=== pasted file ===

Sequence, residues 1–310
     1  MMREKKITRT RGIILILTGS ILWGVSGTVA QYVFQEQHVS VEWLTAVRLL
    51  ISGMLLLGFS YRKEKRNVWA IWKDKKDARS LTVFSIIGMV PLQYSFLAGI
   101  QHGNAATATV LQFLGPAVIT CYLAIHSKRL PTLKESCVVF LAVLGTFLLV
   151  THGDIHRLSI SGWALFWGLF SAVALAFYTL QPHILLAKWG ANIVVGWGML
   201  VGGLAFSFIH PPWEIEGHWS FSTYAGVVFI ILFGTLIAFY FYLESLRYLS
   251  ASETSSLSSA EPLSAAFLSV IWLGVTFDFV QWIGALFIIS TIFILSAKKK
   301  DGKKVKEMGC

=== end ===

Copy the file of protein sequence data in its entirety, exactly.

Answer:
Sequence, residues 1–310
     1  MMREKKITRT RGIILILTGS ILWGVSGTVA QYVFQEQHVS VEWLTAVRLL
    51  ISGMLLLGFS YRKEKRNVWA IWKDKKDARS LTVFSIIGMV PLQYSFLAGI
   101  QHGNAATATV LQFLGPAVIT CYLAIHSKRL PTLKESCVVF LAVLGTFLLV
   151  THGDIHRLSI SGWALFWGLF SAVALAFYTL QPHILLAKWG ANIVVGWGML
   201  VGGLAFSFIH PPWEIEGHWS FSTYAGVVFI ILFGTLIAFY FYLESLRYLS
   251  ASETSSLSSA EPLSAAFLSV IWLGVTFDFV QWIGALFIIS TIFILSAKKK
   301  DGKKVKEMGC